EJ253 Subaru Engine

EJ253 block and crankcase

The Subaru EJ253 engine had an aluminium alloy block with 99.5 mm bores – with cast iron dry-type cylinder liners – and a 79.0 mm stroke for a capacity of 2457 cc. The cylinder block for the EJ253 engine had an open-deck design whereby the cylinder walls were supported at the three and nine o’clock positions.

The crankcase for the EJ253 engine had five main bearings and the flywheel housing was cast with the crankcase for increased rigidity. Like other EJ Phase II engines, the crankshaft thrust bearing was positioned at the rear of the crankshaft to reduce the transfer of natural engine frequencies to the transmission and driveline.


The EJ253 engine had cast aluminium pistons. Relative to their EJ Phase I predecessors, the pistons for the EJ253 engine had reduced piston pin offset and a molybdenum coating to reduce friction. Other features of the pistons included solid-type piston skirts, flat top combustion surfaces and reduced top land to cylinder clearance.

Cylinder head

The EJ253 engine had an aluminium alloy cylinder head with cross-flow cooling. The EJ253 engine had a hollow-type single overhead camshaft (SOHC) for each cylinder bank. Due to the cylinder head offset, the left camshaft was longer than the right camshaft to align the cam belt sprockets. Both camshafts were driven by a single belt which had round profile teeth for quiet operation and was constructed of wear-resistant double canvas and heat resistant rubber materials with a wire core.

For the EJ253 engine, the four valves per cylinder were actuated by shim-less type buckets (i.e. one-piece, solid valve lifters).

Intelligent Active Valve Lift System (i-ALVS)

Subaru’s Intelligent Active Valve Lift System (i-AVLS) was first introduced on the post-August BL/BP Liberty and BP Outback. With i-AVLS, one intake valve for each cylinder which could utilise a low lift camshaft lobe profile or a high lift camshaft lobe profile. At low engine speeds, the operation of the low/mid lift camshaft profile on one intake valve increased the speed of the air entering the combustion chambers from that port and created an imbalance in pressure as air entered the cylinder. This pressure imbalance created a swirling pattern and better air/fuel mixture formation, thereby increasing torque output.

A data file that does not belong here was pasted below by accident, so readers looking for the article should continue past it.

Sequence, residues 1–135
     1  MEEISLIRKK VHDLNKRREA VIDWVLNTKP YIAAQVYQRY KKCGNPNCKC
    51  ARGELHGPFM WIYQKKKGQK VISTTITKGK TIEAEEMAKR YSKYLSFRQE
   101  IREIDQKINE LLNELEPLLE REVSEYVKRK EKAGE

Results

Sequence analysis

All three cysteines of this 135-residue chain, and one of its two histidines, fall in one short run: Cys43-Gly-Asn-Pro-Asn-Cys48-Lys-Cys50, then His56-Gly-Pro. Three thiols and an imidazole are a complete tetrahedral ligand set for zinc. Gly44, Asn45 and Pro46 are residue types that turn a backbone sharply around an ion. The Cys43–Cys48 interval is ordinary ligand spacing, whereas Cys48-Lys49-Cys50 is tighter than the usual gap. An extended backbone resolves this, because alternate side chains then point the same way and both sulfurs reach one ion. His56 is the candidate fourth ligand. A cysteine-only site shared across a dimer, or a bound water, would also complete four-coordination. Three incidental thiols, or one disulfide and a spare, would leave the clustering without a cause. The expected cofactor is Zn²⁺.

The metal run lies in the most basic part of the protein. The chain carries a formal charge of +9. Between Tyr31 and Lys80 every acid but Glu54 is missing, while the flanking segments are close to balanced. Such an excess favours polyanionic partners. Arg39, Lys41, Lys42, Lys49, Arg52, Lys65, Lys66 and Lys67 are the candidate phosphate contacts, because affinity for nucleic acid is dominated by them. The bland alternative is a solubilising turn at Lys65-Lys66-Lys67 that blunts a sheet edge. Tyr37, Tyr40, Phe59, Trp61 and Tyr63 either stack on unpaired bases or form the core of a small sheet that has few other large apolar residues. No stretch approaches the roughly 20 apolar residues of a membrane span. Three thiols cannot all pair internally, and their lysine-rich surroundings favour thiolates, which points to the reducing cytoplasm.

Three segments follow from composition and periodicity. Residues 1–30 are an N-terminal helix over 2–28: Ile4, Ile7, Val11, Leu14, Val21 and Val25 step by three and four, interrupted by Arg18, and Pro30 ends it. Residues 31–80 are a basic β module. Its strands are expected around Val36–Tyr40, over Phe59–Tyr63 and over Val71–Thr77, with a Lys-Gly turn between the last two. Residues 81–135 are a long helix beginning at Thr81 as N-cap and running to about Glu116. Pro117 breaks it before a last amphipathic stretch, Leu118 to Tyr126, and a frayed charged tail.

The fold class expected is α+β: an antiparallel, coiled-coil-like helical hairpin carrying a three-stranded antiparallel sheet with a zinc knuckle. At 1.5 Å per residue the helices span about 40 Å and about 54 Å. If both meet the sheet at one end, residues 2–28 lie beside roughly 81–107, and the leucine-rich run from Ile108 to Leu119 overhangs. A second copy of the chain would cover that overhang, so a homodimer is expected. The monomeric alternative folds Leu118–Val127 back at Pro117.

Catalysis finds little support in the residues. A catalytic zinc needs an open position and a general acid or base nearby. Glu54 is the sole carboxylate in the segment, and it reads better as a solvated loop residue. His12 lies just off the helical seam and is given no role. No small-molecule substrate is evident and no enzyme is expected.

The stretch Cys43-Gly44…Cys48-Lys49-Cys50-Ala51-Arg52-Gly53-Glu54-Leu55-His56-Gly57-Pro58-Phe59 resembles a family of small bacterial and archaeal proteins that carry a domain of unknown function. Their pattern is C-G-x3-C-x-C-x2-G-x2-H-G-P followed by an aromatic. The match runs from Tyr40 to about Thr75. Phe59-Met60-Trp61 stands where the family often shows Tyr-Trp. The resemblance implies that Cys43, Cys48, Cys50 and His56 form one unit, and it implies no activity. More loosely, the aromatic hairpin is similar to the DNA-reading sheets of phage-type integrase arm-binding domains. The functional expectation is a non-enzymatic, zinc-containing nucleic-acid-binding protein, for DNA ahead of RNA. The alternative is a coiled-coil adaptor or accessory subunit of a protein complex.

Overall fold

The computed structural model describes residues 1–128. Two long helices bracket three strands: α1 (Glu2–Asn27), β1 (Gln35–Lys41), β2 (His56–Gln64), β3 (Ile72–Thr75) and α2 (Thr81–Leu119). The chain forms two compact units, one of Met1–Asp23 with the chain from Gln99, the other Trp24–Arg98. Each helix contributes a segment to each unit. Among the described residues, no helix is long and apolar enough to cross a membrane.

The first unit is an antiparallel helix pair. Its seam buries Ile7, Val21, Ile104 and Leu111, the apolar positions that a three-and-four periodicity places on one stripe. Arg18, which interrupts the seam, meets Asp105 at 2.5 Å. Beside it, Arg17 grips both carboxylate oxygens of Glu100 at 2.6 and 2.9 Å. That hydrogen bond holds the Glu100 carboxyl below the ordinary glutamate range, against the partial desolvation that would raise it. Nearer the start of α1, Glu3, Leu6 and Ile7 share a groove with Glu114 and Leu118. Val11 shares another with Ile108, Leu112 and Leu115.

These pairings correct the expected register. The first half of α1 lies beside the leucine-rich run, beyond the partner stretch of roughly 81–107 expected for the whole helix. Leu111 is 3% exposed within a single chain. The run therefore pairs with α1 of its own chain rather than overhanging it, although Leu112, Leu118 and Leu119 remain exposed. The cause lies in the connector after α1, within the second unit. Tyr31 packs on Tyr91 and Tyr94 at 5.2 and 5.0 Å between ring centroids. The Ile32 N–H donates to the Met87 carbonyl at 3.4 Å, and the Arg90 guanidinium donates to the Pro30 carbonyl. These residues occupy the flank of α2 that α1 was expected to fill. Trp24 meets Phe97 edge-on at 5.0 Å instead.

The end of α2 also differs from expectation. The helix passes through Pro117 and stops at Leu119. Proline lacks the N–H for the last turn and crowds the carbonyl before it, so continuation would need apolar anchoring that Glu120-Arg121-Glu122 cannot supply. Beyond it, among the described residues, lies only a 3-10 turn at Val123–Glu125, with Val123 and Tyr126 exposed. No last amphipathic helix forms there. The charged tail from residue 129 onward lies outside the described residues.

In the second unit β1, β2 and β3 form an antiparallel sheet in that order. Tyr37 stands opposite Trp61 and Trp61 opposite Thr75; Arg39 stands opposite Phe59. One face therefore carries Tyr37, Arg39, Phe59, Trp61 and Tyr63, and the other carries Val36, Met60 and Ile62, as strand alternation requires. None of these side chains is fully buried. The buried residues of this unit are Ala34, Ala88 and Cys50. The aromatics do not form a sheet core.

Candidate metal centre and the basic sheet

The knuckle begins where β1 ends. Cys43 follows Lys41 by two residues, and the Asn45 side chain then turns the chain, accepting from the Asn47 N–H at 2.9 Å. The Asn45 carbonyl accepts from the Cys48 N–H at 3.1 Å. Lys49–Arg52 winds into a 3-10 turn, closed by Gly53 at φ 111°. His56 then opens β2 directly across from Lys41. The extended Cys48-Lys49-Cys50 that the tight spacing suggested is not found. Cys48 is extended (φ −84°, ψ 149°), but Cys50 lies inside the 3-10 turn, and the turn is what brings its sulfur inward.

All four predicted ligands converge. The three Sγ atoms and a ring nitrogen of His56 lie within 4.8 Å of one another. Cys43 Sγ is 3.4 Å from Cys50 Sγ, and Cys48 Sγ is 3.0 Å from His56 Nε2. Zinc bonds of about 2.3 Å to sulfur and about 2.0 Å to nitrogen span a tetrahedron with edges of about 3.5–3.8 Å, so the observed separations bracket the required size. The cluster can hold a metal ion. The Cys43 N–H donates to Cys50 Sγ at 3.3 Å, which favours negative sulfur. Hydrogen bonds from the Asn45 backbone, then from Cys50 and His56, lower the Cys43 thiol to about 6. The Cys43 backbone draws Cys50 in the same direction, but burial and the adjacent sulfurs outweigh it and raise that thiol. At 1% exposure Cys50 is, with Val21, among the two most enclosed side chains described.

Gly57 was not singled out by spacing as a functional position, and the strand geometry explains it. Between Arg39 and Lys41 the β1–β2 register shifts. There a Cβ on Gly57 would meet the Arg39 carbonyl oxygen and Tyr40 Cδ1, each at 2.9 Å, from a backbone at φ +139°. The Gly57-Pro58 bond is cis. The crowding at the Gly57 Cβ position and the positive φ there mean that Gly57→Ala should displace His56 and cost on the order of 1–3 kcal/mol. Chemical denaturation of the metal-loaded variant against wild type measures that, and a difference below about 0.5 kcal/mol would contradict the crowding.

At high engine speeds, the rocker arms of each cylinder’s two intake valves were locked together such that high-profile camshaft lobe acted on both of them. With the higher lift, intake resistance to air as reduced to enhance top-end power. Based on engine load, driving requirements and atmospheric conditions, the ECM would determine which camshaft lift profile to engage.


The intake ports for the EJ253 engine created a ‘tumble swirl’ motion for air as it entered the cylinder for better air/fuel mixing, more uniform flame travel and faster combustion. The EJ253 engine was also fitted with a Tumble Generator Valve (TGV) upstream of each intake port. At low intake air speeds a butterfly valve would close to be redirect the intake air such that it created a tumbling motion to enhance air/fuel mixing and reduce exhaust emissions. At higher engine speeds, the valve would open to reduce intake resistance.

Injection and ignition

The EJ253 engine had multi-point sequential fuel injection and centrally located spark plugs. Initially, the EJ253 engine had two ignition coils (one for each pair of cylinders, i.e. 1-2 and 3-4) which fired the spark plugs directly twice per cycle. The ignition knock control system had ‘fuzzy logic’ that enabled the maximum ignition advanced angle to be used without detonation since the programme continually adapted to changes in environmental conditions and fuel quality.

It is understood that the EJ253 engine had a MAF (mass airflow) sensor rather than a MAP (manifold absolute pressure) sensor for more accurate measurement of intake air volume. Furthermore, the EJ253 engine had a compression ratio of 10.1:1; the injection and firing order was 1-3-2-4.

2009 Changes: BM/BR Liberty, BR Outback & Liberty Exiga

With the release of the Subaru BM/BR Liberty, BR Outback and YA Liberty Exiga models, a range of changes were introduced for the EJ253 engine –

  • Five per cent lighter pistons;
  • The shape of the intake duct, ports and manifold were revised to improve airflow characteristics for low-speed torque;
  • The aluminium intake manifold was replaced with a resin-based plastic manifold to reduce mass;
  • The i-AVLS was revised for greater low-speed torque and fuel efficiency;
  • New ‘high ignition’ spark plugs were introduced and the sequential ignition coils were replaced with direct coil-on-plug ignition;
  • Cooling was enhanced by increasing coolant flow around the spark plugs;
  • A lighter catalytic converter; and,
  • A single 16-litre muffler was introduced to reduce the mass of the exhaust system by 6 kg.